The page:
This can result in injustice as someone who accuses another person can, in some cases, be lying. This type of situation results in the accused seeing their rights deprived for no valid reason.
What’s more, cases of this nature can remain pending for months on end and the related protection orders can stay in effect for the duration of the case – regardless of the truth of the matter.
Unfortunately, this means that people who are wrongly accused of DV and who in any way violate a no-contact order – regardless of whether or not the other person is harassing them – can be jailed by the court. And in those cases, it’s often not until many months later that the court realizes the mistake.
It is vitally important to have an attorney on your Domestic Violence case from the onset to fight against the stigma so these misunderstandings and complications don’t occur.
Will Domestic Violence Charges Be Automatically Dropped If An Accuser Recants Allegations?
No. As counterintuitive as it may seem, the state often proceeds on Domestic Violence cases even in instances wherein the victim or alleged victim is adamantly against it. In fact, there are times when the alleged victim will need to hire an attorney of their own in an attempt to persuade the state to drop the charges.
Domestic Violence charges are highly politicized and are taken very seriously by the prosecutor’s office. Thus, when prosecutors have evidence that they believe will lead to a conviction, they often do not take into account the wishes of those involved who may be trying to have the case dropped.
What Are The Potential Sentencing Guidelines Or Penalties For A Domestic Violence Conviction?
Much like other criminal charges, the penalties depend on the defendant’s unique circumstances and prior history and whether or not they have been charged or convicted of Domestic Violence previously.
Typically, a first-time offender with a skilled attorney should be able to avoid jail time under the right circumstances. However, repeat offenders can face penalties as harsh as many other higher-level felonies, especially in circumstances when serious injuries have been sustained or there has been a repeated course of conduct. Under those conditions, the accused may be looking at 10 to 15 years, or potentially more severe charges. Every case depends on the individual’s unique circumstances.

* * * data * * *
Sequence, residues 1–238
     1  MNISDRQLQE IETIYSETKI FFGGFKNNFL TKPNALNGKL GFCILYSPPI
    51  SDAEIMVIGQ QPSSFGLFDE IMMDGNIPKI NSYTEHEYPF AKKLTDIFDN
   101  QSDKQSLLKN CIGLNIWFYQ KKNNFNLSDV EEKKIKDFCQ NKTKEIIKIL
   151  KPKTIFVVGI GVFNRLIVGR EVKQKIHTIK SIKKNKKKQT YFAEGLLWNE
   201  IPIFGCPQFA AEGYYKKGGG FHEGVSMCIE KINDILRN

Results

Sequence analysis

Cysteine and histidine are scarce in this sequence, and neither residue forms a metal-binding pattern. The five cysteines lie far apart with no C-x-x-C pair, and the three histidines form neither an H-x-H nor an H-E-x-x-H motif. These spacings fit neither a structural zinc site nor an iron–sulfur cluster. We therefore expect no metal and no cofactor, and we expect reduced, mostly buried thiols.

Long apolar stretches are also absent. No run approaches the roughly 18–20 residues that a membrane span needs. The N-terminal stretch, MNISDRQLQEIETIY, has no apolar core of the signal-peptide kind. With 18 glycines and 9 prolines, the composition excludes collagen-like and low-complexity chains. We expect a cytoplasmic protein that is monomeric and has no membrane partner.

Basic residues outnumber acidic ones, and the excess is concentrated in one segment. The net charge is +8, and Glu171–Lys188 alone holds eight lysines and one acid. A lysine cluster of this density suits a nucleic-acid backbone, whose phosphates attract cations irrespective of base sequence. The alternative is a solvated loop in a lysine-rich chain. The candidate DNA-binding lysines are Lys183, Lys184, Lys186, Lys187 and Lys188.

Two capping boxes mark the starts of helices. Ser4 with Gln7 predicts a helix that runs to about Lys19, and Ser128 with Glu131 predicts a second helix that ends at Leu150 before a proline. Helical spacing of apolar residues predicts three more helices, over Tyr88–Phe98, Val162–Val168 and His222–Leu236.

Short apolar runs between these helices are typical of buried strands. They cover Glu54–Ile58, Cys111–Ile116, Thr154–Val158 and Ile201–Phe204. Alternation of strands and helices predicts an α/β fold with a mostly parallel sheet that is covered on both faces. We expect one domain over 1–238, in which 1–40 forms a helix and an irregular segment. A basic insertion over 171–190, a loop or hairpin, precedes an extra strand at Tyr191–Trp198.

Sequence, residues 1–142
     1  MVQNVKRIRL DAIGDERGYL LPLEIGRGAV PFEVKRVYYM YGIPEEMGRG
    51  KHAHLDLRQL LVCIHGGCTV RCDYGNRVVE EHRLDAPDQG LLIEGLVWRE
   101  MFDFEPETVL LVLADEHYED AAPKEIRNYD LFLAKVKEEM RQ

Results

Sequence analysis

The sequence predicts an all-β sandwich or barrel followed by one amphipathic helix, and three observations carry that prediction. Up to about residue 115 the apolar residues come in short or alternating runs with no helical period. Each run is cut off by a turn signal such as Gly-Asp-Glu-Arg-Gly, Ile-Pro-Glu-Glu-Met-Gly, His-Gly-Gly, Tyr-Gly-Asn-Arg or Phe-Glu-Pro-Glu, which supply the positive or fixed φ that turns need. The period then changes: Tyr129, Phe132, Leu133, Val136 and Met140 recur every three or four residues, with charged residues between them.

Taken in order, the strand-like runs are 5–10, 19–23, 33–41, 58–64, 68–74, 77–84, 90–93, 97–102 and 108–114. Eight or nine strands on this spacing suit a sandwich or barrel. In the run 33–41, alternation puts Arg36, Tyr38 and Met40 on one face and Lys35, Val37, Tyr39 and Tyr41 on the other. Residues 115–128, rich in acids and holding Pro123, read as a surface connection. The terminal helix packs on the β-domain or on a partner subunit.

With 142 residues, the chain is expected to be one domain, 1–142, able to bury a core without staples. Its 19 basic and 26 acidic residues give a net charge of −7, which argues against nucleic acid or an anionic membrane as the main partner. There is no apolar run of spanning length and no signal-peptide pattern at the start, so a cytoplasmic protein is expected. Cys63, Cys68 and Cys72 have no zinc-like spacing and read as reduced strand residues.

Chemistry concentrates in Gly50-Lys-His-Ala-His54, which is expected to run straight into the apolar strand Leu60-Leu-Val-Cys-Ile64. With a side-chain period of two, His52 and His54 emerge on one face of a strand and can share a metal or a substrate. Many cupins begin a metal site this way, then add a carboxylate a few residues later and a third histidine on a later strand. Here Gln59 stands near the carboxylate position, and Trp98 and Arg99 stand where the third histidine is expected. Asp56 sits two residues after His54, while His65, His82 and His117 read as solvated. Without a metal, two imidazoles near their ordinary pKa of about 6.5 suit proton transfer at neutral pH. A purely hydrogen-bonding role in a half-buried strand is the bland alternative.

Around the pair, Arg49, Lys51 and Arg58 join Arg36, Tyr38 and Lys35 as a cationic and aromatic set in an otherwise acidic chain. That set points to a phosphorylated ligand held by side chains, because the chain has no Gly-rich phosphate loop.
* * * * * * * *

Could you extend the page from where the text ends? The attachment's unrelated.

What Strategies Can Be Used To Defend Someone Accused Of Domestic Violence In Michigan? Is Self-Defense Ever A Viable Defense?
Yes, in some situations, self-defense can be a viable defense. It can be one of the more common defenses raised in these types of cases. However, there are other defenses that can be successful and it’s important to note that self-defense may work against you if the circumstances of the case don’t lead to self-defense as a reasonable argument.
Often when self-defense is argued, it is quickly dismissed by the court because there tends to be circumstantial evidence that the prosecutors put forth to cast doubt on the validity of those claims.
While it may be a popular and appealing defense, it’s not always the proper defense and a skilled attorney will be able to help you make that determination.
For more information on Domestic Violence Charges In Michigan, an initial consultation is your next best step. Get the information and legal answers you are seeking by calling (517) 409-1177 today.